• Sergio Vinci

    The photo is not of Palermo. It should be Castelbuono, a small town at about 80 kilometers from Palermo. The donkey is one of those used in the ecological collection of waste. 

    • The Epoch Times

      Thank you Sergio, we have made the correction. The caption meant to reference the province of Palermo, not the city. Much appreciated!

  • Anonymous

    the cost of diesel? from 30 to 80 (euro) cents per liter?NO! from 1.30 to 1.80 Euros!

    • The Epoch Times

      Than you Anna, we have made the correction. Much appreciated!

    • Alessandro Riolo

      To give some context to the readers from the US, this means that diesel went from $6.35 to $8.80 per gallon in a matter of months (while the price of crude oil was going down). To give some context to non US readers, the current average US price for diesel is $3.85 per gallon (close to a 60% discount to the Sicilian prices before the protests). Given that the price of crude oil is more or less the same (probably, it costs slightly less in Sicily than in the USA), and that the distribution, marketing and refining costs are lower in Sicily (whose countless refineries produce at least 42% of all Italian fuel, probably more), the difference is all due the Italian taxes.

  • Tron Tronworld

    Commies want to control ings that they cannot. THe Communists in Rome have spent all the money and then some and now they must pay. Sadly, it is the normal people who have to pay. Food riots are not pretty and the Goonions ( goonish unions ) will be playing with fire if the persist. Our family thankfully has some pasta in reserve, but the shelves are bare and the frutaiolas are closed. THis is bad and if the Benzinaio goes on sciopero its gonna be real bad. 
    La Zagera has no food.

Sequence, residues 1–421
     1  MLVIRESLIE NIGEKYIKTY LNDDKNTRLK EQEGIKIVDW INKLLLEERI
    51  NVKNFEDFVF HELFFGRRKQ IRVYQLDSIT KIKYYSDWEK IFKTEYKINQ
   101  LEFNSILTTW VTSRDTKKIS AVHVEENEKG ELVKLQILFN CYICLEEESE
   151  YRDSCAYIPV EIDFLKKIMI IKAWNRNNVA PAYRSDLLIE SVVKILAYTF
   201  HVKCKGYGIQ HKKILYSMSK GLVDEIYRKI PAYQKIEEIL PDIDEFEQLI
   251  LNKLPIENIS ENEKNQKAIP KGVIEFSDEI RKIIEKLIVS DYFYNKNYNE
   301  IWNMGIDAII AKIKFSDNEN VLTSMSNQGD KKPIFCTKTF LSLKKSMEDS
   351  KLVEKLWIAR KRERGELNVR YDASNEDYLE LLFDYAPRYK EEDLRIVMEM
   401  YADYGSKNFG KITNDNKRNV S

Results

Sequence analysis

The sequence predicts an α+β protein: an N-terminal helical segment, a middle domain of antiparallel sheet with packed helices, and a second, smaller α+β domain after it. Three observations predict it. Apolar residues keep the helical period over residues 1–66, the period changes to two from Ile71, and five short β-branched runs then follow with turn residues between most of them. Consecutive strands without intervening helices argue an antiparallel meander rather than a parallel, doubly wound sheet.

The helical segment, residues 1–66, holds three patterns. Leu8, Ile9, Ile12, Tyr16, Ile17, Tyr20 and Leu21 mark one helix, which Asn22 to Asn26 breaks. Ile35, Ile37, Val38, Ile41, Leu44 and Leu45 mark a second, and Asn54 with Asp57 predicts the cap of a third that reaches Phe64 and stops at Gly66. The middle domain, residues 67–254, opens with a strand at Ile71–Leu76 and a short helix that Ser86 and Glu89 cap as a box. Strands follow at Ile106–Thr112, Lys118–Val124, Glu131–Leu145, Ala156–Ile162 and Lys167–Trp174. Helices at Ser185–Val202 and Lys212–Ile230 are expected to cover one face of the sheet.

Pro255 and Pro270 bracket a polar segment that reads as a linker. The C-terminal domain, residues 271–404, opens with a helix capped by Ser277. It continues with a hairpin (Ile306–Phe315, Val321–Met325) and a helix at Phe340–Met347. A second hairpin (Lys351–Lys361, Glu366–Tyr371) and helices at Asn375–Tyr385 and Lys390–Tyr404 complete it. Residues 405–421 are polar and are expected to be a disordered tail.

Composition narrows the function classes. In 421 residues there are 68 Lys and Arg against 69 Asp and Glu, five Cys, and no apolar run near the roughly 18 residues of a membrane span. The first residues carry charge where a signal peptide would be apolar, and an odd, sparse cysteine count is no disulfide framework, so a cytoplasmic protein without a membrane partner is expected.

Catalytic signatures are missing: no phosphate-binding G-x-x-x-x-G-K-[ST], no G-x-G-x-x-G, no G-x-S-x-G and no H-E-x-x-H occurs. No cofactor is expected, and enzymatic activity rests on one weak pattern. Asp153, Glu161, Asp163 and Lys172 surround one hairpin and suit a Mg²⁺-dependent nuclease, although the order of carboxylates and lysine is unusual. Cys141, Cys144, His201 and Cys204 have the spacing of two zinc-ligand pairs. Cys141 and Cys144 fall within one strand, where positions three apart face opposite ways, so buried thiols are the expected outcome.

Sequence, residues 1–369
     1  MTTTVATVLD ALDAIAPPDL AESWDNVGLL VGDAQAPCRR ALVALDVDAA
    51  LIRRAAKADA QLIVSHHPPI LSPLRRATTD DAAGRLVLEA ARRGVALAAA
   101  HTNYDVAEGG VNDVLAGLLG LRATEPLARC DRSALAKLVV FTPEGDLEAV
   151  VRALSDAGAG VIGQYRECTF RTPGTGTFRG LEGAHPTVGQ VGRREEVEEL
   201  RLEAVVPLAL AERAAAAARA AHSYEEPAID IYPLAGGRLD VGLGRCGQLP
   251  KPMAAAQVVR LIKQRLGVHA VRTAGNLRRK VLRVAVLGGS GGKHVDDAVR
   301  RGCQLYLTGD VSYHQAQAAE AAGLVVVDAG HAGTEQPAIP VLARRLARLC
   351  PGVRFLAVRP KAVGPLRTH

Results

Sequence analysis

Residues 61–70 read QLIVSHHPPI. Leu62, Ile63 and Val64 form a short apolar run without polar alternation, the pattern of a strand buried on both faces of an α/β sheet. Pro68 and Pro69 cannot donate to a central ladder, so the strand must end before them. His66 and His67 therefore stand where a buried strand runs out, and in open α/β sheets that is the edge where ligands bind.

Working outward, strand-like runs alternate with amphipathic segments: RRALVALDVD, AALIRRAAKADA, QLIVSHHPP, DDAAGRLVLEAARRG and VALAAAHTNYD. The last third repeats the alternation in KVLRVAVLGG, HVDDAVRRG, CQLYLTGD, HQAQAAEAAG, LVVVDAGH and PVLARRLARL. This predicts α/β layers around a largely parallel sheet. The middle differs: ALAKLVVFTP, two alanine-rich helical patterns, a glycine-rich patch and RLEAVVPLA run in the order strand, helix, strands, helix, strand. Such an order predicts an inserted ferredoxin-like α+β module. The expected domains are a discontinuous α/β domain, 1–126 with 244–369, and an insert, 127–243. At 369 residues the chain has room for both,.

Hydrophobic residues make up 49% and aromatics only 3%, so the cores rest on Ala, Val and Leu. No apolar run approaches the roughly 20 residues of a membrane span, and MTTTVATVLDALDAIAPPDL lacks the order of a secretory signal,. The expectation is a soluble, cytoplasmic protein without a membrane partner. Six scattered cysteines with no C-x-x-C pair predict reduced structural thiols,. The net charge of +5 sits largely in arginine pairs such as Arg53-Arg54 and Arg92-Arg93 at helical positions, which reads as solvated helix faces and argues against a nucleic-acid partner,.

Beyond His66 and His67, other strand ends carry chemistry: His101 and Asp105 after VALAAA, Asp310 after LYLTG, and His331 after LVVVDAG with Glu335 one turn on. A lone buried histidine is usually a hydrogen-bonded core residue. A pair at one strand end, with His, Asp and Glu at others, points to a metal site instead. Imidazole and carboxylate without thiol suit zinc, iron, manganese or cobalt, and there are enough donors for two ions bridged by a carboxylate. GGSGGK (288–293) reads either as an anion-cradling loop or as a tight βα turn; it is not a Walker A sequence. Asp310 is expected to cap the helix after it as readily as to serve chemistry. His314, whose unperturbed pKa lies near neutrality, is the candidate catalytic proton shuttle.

• Alessandro Riolo

    @epochtimes:disqus &  Dana Betlevy : let me compliment you, on my reckoning this is only the second article written on the Sicilian protests in all English speaking media worldwide. You were beaten only by Matthew Xuereb on the Times of Malta, tough he had the “advantage” that the protests were actually hitting the Maltese economy from the first day.

  • Anonymous

    Well done Sicily. At last someone is standing up to the coward’s who run the European Union  countrie’s, who are nothing but puppet’s being manipulated by the world’s bank’s,who are the real cause of the problem’s across Europe. While ordinary working class people have to suffer paycut’s and outrageous taxes on essential good’s, the banker’s award themselve’s massive bonus’s  and the puppet politician’s lick there shoe’s. Most of Europe’s politician’s are shareholder’s or at least sit on the board of the major bank’s . In my opinion the banker’s and the so-called representitive’s of the people should be thrown in prison for their criminal action’s. Keep it going Sicily, and hopefully the rest of Europe will come out and support you and maybe then someone will stand up and give the banker’s and politician’s the punishment they deserve. BRAVO SICILY. Ps.I’m Irish so I sympatise with you. We’re suffering just like you  

  • Franco23

    Protests where triggered after the speech of Mario Monti to the Sicilians: